Monday, April 25, 2011

Misty Monday - View From A Lighthouse Window

Mulholland Point Lighthouse, Campobello Island, New Brunswick
  © Doug Hickok

From a atop Mulholland Point Lighthouse, on Campobello Island, a view of the mist shrouded Bay of Fundy is framed by a window. On a clear day, you can see forever, 
and ever, and ever, and ever more... well at least all the way to Small's Cove, and Deep Cove, and Broad Cove, and maybe even to Chocolate Cove (there are countless coves in this part of the world). Oh, and did I mention Carrying Place Cove, and Lord's Cove, and Otter Cove, and...

Sunday, April 24, 2011

Finding Little Treasures - Easter Edition

Easter Candy  © Doug Hickok

Sometimes one of the thrills of life is finding little treasures, like this assortment of multicolored malt eggs and jelly beans on Easter morning. For a person who relishes sweets and their tastiness, like me, this is striking it rich! 
YUMMY ! ! !

Wishing you a Happy Easter weekend full of delicious treasures.

Saturday, April 23, 2011

Harbor Water Abstract - I

Sunrise on Charleston Harbor Waves, Charleston, SC  © Doug Hickok  All Rights Reserved 
(Click on image for larger view)

Eye-catching early morning light on these harbor waves creates an abstract pattern of texture and hues.

Friday, April 22, 2011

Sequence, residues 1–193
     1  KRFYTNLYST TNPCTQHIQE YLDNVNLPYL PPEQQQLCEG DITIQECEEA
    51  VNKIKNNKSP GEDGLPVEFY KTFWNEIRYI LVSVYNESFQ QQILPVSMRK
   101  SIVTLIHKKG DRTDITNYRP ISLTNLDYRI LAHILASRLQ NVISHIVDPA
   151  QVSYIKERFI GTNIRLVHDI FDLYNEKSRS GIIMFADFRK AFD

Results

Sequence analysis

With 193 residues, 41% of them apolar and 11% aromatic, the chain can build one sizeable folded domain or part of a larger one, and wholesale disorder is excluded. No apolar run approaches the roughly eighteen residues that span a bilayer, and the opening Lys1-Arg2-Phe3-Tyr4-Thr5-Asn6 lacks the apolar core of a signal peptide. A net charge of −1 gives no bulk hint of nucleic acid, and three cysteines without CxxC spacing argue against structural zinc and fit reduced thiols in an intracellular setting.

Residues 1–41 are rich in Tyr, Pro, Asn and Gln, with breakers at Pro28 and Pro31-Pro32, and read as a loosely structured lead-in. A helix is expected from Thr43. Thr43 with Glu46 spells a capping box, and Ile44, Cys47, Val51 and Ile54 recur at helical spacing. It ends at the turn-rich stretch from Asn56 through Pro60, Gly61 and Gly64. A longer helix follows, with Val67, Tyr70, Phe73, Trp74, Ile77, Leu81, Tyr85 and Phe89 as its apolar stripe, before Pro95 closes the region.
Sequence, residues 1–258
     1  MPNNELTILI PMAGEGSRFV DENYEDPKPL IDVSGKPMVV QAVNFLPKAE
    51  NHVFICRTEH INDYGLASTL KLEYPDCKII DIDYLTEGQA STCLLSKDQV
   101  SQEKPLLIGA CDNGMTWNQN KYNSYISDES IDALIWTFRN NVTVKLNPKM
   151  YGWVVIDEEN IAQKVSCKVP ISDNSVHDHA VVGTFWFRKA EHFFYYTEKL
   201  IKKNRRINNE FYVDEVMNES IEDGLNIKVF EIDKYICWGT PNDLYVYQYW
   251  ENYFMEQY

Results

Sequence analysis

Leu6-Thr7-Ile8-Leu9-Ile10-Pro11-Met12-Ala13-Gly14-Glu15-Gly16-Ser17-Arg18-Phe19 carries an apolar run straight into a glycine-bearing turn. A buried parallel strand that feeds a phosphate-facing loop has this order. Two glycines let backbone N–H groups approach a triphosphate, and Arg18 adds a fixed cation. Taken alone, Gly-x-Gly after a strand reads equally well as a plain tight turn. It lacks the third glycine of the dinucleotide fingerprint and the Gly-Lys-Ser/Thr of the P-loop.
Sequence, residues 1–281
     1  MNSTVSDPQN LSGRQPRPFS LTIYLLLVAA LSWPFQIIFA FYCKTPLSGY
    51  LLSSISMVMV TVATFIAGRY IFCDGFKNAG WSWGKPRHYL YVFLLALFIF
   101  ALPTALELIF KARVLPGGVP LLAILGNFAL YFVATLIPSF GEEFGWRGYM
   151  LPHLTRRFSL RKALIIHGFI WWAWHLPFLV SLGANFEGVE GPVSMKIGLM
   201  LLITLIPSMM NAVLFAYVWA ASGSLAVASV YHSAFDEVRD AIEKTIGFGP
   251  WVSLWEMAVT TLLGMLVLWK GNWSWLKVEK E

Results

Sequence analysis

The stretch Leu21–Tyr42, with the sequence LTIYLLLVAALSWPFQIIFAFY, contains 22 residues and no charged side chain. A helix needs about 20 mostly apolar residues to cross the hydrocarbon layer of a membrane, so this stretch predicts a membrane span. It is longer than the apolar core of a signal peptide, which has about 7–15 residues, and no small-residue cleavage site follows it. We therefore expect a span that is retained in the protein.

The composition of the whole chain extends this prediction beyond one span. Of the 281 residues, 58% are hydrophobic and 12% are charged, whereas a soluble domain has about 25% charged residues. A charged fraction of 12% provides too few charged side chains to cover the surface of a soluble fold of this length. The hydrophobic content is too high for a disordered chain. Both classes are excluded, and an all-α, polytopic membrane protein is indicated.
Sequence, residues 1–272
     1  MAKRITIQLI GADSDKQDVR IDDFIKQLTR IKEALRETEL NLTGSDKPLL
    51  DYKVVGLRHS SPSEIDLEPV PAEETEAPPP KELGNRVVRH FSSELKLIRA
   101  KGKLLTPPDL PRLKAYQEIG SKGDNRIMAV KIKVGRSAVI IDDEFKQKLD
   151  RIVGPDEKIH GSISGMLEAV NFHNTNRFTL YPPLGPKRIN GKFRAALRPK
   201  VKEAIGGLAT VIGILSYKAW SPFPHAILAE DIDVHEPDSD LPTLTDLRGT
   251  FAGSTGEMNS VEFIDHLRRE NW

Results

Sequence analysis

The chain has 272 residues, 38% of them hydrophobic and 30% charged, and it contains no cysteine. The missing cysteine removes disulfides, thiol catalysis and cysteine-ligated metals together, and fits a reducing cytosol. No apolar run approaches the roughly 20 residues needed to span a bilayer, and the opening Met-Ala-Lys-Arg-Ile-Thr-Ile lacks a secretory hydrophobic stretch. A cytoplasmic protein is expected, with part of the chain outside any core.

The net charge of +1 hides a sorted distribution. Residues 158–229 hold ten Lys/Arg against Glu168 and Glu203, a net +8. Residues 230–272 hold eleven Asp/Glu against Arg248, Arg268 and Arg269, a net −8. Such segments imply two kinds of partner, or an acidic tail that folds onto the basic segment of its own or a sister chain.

Homage to Ernst

Sports Car Driver, King Street, Charleston, SC  © Doug Hickok

It's Favorite Photographer Friday (FPF), a feature I began on my blog last week where I link you to a photographer who has influenced my work in some way over the years. Today, I thought I'd dedicate my post to one of my all time favorite photographers, and one of the most influential photographers you may never have heard of, Ernst Haas. Born in Austria in 1921, he later became one of the first photographers invited to join Magnum Photo, where he began a long illustrious career. Haas is admired today for his pioneering work and innovation in color photography, especially with abstracts, reflections, motion blur, and highly saturated images. Many contemporary photographers make images in a style that Ernst Haas set the standard for decades earlier. Take a few moments to browse around his estate website and look through his amazing array of images. You may find yourself marveling at his ingenious vision. Perhaps he'll inspired you as much as he inspired me. 

Have a wonderful weekend!

Thursday, April 21, 2011

Sign of the Times - Man Crossing High Above Street

Crosswalk Sign, Cincinnati, Ohio  © Doug Hickok

For some reason, I see this walking man just about everywhere I look. In big cities. In small towns. In the mountains. In the desert. He seems to be a ubiquitous man. He favors walking on this diamond shaped yellow sign whenever he appears, and is always frozen in mid stride, like a mime unable to move. In this instance he is crossing high above a street in downtown Cincinnati. Perhaps you have seen him too, in some form or another, wherever you live.

(This image was made a few years ago on Velvia 100 RVP 35mm color slide film,
pushed one stop for increased color saturation,